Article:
*The Consumer Electronics Association in Arlington has an opening for a senior director of communications:

Senior Director, Communications
Consumer Electronics Association – Arlington, VA
editing a variety of communications materials. Managing a staff of five communications professionals, you… yoga, weight training, excellent training programs…
From Public Relations Society of America (PRSA)

*Nexus Health Inc. in Fort Washington, Md., is seeking a director of communications:
Corporate Director of Communications
Nexus Health, Inc. – Fort Washington, MD
public relations or communications positions, with… of newsletters, e-communications and other media. Ability to develop communications in house using…
From CareerBuilder

*Discovery Communications in Silver Spring has an opening for a director of photo services:

Director Photo Services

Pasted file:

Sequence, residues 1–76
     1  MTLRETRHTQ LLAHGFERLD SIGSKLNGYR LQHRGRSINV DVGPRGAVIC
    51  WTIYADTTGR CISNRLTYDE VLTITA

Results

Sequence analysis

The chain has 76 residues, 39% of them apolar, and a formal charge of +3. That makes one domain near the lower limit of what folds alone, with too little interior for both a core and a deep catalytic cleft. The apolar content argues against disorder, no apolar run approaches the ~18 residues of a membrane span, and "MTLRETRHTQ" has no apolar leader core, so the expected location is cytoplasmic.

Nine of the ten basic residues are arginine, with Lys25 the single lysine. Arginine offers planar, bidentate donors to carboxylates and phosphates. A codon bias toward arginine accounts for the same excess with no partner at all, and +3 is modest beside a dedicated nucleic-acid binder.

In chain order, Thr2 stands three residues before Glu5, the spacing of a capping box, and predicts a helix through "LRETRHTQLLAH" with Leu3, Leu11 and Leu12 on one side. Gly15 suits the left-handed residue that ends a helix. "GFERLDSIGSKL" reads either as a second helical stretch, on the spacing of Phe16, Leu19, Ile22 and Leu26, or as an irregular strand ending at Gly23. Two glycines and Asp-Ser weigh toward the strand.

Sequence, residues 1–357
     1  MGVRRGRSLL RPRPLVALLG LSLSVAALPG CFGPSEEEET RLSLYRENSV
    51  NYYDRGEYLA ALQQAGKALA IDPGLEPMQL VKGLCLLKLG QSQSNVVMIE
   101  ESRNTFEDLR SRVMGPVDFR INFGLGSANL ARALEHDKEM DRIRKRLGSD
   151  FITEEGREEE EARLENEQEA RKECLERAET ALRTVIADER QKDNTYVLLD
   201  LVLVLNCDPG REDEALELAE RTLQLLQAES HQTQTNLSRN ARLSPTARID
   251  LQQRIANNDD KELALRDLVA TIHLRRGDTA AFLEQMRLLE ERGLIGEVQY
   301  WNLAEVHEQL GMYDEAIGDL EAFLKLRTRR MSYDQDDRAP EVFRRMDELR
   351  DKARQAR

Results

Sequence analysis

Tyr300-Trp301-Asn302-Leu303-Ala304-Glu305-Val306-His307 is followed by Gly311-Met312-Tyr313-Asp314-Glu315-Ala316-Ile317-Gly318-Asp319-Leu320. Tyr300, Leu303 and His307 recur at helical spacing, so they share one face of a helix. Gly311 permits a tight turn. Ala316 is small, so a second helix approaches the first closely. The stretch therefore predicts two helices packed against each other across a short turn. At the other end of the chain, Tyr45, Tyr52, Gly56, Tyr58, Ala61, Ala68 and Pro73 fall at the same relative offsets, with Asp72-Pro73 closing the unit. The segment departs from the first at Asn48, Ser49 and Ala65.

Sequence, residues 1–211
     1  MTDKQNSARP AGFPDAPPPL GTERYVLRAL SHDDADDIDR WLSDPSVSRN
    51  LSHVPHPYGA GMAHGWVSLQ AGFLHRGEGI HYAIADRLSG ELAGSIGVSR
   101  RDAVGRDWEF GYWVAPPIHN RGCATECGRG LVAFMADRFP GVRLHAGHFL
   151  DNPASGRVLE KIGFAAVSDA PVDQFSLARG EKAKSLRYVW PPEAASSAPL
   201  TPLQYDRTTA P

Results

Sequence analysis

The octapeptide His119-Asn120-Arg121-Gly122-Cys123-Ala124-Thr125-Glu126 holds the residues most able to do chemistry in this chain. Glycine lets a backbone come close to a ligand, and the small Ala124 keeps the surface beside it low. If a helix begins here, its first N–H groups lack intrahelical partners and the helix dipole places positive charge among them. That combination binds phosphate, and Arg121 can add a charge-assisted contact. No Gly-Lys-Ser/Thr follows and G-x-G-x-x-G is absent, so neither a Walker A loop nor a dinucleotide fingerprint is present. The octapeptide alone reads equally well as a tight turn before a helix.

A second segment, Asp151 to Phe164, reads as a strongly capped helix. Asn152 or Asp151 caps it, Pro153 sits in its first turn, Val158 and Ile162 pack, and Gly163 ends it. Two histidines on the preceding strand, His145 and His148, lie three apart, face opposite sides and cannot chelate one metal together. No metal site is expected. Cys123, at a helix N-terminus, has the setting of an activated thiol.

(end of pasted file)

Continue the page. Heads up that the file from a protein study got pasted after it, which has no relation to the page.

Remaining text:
Discovery Communications – Washington, DC
Marketing), Photo Editors (Production Photography and… team of 13 full time employees comprised of Photo Editors, Art Producers and System Specialists. Includes…

*The Gallup organization in D.C. has an opening for a senior government communication and marketing professional:
Senior Government Communication and Marketing Professional
Gallup – Washington, DC
include a growing Communication and Social Marketing… of experience with communication and social marketing projects is required. Prior communication/public…
From CareerBuilder

*Fleishman-Hillard in D.C. is seeking a senior level communications professional specializing in digital and social media:
Digital and Social Media, Senior Level, Washington, D.C.
Fleishman-Hillard – Washington, DC
include internal communications, employer branding… recruiting and internal communications that leverage integrated communications and social media tactics…
From Fleishman-Hillard